While fossil fuel producers are not mandated to report the cause of problems at their facilities, around 70 of these event reports directly mentioned issues with the cold weather, said Sharon Wilson, a Texas-based senior field advocate at Earthworks, which first noticed the deluge of incident reports and compiled the data.
“Everything with oil and gas starts with a hole in the ground,” Wilson said. “That hole in the ground does not know the compressor station is frozen, so it keeps pumping gas. Somewhere along the line a pipe is frozen, so everything gets released into the air. And it does not stop getting released into the air—it just keeps going.”
Wilson said that some reports noted glitches from the cold weather as tiny as a frozen switch that stalled operations and forced excess gas to be released into the air.
“If [the industry] had winterized their equipment, this wouldn’t be happening,” she said.
One important pollutant left out of many of these reports is methane, the pollutant that can both harm human health and is 84 times more harmful to the atmosphere over the short term than carbon dioxide. “In Texas, we don’t count methane [in pollution reports],” Wilson noted, saying that while some producers report natural gas leaks—which includes methane—they are not mandated to specify breakdowns of specific chemicals, even though leaks almost always include methane. So in addition to the immediate harm of carcinogens and air pollution documented in the state’s records, it’s also likely that unreported methane emissions are worsening the climate crisis.
As the natural gas industry has exploded in Texas, regulators have been slow to control pollution. These reports themselves illustrate the laissez-faire existence of the industry: Texas regulations say that fossil fuel facilities can’t be held responsible for certain types of emissions, including those that were out of their control. As a result, the industry self-reports excess pollution that it claims was unforeseeable as a way to protect itself. While this month’s weather was unusual, the industry often logs routine-yet-worrisome leaks and fires as unforeseeable with little to no pushback from regulators. That Baytown facility that closed after leaking all that carbon monoxide this week, for example, also caught fire a few years ago.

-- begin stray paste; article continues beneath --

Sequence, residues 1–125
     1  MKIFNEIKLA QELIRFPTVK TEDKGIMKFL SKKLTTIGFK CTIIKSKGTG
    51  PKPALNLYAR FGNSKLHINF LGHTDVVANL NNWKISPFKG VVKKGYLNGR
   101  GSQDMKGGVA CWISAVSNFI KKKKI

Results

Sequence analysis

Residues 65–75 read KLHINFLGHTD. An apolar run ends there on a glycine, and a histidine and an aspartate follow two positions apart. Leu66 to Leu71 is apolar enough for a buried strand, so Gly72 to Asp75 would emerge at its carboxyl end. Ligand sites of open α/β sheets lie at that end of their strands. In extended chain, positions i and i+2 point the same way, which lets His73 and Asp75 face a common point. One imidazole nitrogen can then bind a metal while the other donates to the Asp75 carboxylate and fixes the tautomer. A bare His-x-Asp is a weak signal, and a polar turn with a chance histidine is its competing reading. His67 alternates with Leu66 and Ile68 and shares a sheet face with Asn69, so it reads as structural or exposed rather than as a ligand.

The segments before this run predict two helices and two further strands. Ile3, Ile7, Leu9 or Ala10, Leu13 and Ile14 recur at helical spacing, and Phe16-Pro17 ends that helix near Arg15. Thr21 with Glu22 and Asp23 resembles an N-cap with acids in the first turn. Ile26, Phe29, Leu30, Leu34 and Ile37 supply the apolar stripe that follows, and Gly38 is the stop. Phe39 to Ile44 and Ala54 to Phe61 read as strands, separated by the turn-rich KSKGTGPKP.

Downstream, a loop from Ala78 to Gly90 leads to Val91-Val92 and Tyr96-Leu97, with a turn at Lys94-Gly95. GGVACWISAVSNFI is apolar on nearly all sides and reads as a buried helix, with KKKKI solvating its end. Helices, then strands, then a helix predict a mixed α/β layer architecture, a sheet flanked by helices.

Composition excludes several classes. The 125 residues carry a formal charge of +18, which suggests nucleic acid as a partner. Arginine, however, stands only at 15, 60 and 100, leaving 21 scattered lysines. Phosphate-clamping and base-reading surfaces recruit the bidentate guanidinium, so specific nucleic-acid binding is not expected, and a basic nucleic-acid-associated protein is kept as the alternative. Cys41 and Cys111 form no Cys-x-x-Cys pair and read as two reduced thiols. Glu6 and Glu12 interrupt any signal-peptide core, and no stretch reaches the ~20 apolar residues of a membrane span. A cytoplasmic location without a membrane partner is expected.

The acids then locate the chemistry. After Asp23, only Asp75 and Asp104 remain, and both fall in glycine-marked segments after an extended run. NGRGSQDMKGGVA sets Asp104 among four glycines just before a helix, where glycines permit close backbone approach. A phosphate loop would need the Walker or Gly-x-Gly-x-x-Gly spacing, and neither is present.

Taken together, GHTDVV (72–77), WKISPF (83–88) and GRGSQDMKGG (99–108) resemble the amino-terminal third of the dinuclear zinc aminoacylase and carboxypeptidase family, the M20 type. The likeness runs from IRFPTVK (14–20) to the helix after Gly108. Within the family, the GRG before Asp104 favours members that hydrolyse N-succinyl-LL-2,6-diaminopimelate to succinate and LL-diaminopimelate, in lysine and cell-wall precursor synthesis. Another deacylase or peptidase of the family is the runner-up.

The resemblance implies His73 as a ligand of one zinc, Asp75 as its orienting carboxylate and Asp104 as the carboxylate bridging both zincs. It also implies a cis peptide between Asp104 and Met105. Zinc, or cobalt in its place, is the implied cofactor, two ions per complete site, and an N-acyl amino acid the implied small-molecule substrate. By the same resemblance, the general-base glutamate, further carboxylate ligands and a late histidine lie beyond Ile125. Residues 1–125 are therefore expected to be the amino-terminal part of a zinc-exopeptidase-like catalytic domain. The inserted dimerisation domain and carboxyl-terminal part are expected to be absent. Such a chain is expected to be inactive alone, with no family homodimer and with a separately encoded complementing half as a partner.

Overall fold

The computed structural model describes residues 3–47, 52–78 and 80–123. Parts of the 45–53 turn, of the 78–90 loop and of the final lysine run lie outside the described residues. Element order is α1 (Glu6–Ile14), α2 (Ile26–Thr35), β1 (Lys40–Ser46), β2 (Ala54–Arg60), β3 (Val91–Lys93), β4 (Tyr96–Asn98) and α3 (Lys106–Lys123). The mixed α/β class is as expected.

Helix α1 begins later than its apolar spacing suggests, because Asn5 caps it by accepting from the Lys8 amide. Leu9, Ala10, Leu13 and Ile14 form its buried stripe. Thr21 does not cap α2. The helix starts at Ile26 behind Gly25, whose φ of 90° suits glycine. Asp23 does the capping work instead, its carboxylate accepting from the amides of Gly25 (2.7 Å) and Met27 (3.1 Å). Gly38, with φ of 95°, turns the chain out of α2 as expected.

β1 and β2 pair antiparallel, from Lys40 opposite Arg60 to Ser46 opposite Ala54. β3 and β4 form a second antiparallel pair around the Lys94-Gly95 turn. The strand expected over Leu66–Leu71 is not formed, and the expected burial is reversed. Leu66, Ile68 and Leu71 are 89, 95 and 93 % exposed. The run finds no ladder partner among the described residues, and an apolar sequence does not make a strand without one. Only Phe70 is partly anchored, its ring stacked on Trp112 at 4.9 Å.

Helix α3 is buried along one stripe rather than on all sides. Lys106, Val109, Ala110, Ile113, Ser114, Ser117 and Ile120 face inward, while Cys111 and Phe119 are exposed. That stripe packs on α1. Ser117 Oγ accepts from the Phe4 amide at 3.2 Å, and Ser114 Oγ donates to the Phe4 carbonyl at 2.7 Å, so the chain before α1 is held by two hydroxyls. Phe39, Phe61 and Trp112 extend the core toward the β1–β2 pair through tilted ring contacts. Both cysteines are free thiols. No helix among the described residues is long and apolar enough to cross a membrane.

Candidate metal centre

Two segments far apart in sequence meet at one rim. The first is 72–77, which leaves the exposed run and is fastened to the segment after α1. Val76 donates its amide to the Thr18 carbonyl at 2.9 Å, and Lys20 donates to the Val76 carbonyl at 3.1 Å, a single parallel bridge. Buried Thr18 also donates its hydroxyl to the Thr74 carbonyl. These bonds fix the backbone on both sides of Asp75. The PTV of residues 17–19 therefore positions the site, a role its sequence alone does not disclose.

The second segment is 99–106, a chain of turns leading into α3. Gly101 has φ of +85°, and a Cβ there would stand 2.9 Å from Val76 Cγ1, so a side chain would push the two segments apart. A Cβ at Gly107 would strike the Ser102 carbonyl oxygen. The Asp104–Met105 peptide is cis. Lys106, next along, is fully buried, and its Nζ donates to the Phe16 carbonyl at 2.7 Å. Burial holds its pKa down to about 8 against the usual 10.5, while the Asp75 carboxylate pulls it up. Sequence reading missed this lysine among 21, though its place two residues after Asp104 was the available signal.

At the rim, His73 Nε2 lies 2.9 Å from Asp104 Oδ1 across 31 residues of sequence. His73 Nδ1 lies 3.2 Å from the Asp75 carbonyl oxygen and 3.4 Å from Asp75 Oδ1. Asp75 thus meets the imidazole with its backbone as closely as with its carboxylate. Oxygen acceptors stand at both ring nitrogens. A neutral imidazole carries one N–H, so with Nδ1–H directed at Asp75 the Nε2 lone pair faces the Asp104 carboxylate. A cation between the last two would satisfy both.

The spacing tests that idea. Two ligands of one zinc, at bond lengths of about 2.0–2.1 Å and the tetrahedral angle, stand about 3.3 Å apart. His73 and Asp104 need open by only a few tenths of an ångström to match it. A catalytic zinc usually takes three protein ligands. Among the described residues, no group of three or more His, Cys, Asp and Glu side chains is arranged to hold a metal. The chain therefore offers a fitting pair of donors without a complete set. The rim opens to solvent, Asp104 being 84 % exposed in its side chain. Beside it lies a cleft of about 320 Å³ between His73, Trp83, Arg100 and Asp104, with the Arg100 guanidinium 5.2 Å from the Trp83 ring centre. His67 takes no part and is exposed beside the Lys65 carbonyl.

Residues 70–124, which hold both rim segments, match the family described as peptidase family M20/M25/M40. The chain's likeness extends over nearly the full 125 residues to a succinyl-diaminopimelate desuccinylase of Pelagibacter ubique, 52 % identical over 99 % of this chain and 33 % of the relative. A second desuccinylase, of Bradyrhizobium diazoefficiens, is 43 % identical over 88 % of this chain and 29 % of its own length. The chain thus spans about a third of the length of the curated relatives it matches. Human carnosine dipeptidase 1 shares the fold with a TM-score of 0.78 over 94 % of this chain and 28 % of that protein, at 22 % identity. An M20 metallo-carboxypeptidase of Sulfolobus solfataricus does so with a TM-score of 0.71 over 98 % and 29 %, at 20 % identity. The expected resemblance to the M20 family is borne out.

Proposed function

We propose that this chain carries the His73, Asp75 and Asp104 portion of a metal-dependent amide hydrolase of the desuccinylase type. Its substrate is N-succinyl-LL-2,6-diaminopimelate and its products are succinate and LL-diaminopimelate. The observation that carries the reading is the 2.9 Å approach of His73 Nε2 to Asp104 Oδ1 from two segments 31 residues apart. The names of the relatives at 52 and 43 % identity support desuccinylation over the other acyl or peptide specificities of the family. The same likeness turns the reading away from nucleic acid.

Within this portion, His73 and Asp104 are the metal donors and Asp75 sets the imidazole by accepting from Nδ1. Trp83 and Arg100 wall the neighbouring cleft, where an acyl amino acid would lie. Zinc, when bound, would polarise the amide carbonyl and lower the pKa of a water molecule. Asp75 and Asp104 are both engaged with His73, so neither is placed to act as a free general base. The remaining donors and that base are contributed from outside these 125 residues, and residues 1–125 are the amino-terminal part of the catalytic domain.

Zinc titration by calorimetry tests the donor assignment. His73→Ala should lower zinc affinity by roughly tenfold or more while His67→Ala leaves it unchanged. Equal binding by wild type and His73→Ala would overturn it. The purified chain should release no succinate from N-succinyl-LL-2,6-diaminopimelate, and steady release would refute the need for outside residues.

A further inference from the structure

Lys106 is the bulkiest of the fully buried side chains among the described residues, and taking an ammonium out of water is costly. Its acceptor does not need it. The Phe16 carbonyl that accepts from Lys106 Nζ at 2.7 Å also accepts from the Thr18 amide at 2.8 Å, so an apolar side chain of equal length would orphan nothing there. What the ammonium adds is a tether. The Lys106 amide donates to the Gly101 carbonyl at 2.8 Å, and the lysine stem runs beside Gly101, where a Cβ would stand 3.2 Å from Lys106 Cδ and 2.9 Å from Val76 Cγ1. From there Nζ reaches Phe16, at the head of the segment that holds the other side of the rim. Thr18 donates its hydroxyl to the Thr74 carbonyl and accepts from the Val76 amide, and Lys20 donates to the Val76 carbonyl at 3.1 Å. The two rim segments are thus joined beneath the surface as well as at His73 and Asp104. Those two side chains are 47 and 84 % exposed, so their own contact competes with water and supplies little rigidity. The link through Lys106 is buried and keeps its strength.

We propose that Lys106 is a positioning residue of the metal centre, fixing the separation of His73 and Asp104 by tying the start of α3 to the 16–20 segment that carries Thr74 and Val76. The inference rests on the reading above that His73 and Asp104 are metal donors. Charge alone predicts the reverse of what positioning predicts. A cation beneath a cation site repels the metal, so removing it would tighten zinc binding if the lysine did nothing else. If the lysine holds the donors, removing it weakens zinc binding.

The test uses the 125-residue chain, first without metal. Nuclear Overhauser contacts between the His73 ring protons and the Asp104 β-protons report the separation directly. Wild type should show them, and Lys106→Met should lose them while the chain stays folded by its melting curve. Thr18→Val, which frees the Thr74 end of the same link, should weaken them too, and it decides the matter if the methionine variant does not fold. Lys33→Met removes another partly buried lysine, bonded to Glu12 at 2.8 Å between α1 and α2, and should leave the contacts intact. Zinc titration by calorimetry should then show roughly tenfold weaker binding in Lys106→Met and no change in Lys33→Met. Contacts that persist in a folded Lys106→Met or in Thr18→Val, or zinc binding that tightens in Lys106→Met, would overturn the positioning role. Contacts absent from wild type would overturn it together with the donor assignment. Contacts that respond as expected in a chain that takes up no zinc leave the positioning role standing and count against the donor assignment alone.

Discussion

Last year, the Environmental Defense Fund estimated that methane was escaping from oil and gas production in the Permian Basin at nearly three times the rate allowed by federal regulations. And while industry sites technically need to apply for a permit before burning off excess gas for an extended period of time—a process known as flaring—the commission in charge of regulating flaring has approved tens of thousands of permits with almost no refusals since 2013. An Earthworks investigation conducted earlier this year found that 75% of flaring on public lands in Texas was conducted illegally without a permit.
As politicians continue to falsely blame frozen windmills for the power outages and industry claims the problems from the cold weather were unavoidable, Wilson said more attention to how fossil fuel facilities prepare for different weather conditions is necessary.
“We need someone in the Texas legislature to file a bill requiring the oil and gas industry to thoroughly winterize all their equipment,” she said. “The bill probably won’t pass in Texas, but that will create some more scrutiny about it.”
But regulators’ loose leash on the industry and achingly slow response to other pollution problems doesn’t give Wilson much hope.
And what does money grubbing Cruz do to help freezing Texans?
Oil patch polluted judicial industry: Trump’s extreme right Supreme Court Judge, Amy Coney Barrett, hears climate case against her father’s ex-employer Shell; Barrett participated even though as a lower court judge she recused herself from hearing cases involving Shell.
Generation Now Inc. to plead guilty in alleged $60Million Ohio bribery scheme provided by FirstEnergy Corp to gain legislative approval of $1Billion bailout to benefit FirstEnergy subsidiary, and guarantee profits for FirstEnergy.
Michael de Adder’s cartoon for Feb 19, 2021